Polar Ice and Snow Monitoring Mission CRISTAL on Track

  • Airbus-built Copernicus satellite successfully passes Preliminary Design Review
  • CRISTAL will measure sea ice thickness and ice sheet elevations

Space

Friedrichshafen. The Copernicus Polar Ice and Snow Topography Altimetry mission CRISTAL is clearly on track. Following an intensive review process the European Space Agency ESA has confirmed that the preliminary design of the satellite meets all system requirements.

CRISTAL will carry an advanced multi-frequency altimeter that will measure sea ice thickness and ice sheet elevations – key climate change indicators. The CRISTAL altimeter will for the first time measure snow coverage of the ice sheets which will improve data quality significantly compared to its predecessor CryoSat-2. These data will support maritime operations in polar oceans and contribute to a better understanding of climate processes.

The Preliminary Design Review (PDR) was organised using a new more collaborative format. As a first step an extensive review by over 60 ESA engineers of a comprehensive data package, established by more than 100 engineers led by Airbus took place over four weeks. In a second step the major findings were intensively discussed in an interactive way between senior level experts both on ESA and Industry side up to the successful completion of the review.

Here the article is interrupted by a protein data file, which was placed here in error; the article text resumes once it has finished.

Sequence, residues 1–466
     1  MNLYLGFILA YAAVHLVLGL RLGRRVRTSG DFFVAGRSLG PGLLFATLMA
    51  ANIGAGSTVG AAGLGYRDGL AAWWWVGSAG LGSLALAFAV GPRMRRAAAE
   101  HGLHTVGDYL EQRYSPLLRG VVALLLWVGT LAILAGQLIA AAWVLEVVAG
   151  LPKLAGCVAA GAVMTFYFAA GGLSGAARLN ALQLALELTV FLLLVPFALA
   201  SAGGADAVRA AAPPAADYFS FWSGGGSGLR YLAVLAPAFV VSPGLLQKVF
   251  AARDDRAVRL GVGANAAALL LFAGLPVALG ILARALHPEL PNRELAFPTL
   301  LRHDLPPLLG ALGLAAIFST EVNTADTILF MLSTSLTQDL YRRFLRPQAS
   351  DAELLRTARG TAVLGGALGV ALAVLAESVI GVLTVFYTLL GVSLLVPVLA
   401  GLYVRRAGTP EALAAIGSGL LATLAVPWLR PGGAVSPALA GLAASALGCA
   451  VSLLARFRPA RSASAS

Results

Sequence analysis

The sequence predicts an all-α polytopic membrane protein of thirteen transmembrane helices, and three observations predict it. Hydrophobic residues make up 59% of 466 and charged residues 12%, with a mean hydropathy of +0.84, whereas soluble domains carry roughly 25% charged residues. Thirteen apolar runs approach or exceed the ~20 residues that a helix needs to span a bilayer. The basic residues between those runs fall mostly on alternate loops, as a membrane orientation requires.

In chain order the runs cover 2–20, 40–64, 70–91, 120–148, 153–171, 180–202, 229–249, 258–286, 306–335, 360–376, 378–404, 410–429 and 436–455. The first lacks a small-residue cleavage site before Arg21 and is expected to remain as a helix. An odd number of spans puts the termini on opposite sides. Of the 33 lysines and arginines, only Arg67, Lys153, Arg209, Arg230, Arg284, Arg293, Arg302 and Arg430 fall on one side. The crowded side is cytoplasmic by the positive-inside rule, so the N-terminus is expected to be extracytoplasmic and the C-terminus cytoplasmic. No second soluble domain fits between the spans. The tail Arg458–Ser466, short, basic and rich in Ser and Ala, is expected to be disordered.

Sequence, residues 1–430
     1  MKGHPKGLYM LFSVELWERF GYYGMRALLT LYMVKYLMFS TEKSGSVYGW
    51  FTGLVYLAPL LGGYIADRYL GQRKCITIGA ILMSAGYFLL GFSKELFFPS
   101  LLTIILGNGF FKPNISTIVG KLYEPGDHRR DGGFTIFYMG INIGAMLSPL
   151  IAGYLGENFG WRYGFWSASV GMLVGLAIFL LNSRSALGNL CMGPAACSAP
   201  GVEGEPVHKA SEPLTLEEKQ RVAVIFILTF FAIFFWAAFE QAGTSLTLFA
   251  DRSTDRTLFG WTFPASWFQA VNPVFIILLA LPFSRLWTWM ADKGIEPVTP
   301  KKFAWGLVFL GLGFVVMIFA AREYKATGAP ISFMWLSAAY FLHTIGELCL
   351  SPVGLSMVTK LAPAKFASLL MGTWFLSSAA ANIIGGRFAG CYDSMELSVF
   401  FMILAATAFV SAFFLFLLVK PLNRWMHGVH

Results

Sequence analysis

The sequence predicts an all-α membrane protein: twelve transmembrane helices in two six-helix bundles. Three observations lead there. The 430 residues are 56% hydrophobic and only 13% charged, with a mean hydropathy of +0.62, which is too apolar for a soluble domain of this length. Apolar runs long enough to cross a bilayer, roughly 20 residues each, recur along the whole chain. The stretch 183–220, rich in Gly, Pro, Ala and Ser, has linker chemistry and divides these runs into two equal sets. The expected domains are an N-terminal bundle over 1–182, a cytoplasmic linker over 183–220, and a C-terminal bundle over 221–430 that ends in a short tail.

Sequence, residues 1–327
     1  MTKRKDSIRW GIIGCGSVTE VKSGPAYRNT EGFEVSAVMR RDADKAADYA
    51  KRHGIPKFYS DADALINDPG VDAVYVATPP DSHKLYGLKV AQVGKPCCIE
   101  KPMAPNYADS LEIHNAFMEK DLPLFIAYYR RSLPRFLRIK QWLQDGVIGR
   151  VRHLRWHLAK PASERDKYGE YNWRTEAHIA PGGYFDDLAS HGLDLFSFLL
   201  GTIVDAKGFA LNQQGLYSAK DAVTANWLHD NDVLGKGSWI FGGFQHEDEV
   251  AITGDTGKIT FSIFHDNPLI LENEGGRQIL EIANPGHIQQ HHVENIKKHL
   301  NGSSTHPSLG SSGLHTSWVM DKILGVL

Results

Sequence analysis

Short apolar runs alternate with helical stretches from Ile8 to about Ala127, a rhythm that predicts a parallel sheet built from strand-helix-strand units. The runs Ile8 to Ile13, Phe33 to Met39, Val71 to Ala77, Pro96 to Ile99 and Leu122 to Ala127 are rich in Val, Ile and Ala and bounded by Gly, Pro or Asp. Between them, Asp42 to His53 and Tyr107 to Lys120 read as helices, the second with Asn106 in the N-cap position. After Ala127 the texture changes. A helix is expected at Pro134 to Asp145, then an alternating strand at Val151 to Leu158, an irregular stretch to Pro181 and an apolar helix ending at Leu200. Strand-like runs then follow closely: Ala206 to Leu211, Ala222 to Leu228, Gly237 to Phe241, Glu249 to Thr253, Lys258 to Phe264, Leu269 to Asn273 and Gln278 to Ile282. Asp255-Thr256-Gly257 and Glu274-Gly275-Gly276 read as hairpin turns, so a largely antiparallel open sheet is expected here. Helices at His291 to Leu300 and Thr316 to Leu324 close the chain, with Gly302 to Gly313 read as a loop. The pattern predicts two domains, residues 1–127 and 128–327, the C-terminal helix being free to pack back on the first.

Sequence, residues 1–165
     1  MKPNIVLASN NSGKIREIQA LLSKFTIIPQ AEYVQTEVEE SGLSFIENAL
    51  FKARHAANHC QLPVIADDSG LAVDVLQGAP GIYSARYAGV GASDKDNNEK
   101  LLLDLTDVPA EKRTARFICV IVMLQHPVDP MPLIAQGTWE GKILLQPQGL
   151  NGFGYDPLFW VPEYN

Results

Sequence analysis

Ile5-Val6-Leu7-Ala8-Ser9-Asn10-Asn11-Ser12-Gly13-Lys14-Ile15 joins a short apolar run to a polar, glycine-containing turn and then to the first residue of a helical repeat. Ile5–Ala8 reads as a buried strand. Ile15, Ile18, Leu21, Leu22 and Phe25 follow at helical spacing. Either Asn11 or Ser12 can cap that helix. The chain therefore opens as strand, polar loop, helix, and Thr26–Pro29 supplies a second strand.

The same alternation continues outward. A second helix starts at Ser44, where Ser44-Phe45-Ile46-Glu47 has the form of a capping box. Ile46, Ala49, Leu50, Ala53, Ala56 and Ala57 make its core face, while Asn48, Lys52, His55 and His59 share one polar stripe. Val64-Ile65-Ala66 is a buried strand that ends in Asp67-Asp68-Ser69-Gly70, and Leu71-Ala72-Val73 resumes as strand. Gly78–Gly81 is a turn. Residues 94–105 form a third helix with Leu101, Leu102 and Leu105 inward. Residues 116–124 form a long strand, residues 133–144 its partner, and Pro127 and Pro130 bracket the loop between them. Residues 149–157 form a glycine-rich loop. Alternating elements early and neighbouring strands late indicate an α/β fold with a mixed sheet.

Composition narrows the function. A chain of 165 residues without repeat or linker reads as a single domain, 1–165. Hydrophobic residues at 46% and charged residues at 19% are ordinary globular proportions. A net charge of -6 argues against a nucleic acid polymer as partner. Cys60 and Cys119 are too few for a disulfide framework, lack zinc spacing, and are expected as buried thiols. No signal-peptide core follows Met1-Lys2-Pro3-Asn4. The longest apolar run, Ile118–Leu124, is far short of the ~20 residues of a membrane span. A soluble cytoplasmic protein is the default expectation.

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CRISTAL will also support applications related to coastal and inland waters and the observation of ocean topography. The mission will ensure the long-term continuation of radar altimetry ice elevation and topographic change records, following on from previous missions such as ESA’s Earth Explorer CryoSat, also developed by Airbus and working flawlessly for 12 years, well beyond its design lifetime. Monitoring the cryosphere is essential to fully assess, predict and adapt to climate variability and change.

The 1.7 ton spacecraft is based on a proven, robust Airbus satellite design building on the heritage from Sentinel-6 and CryoSat. Six fixed and two deployable solar arrays – 18.6 m² in total – ensure enough power on CRISTAL´s drifting polar orbit at 699 km above the Earth. Its on-board memory will be able to store up to 4 terabits of science data at once, providing scientists with a wealth of information during its 7.5 year lifetime.

The Airbus Defence and Space site in Friedrichshafen (Germany) is heading an industrial consortium involving companies from 19 countries to deliver the project, including Thales Alenia Space to provide the IRIS Interferometric Radar Altimeter. Following the successful PDR the CRISTAL project is now on track for the Critical Design Review (CDR) scheduled for May 2024. The satellite platform and instrument will then be integrated and tested in the new, highly digitalised integration centre at Airbus in Friedrichshafen. CRISTAL is currently scheduled for launch from the European spaceport in Kourou in 2027.

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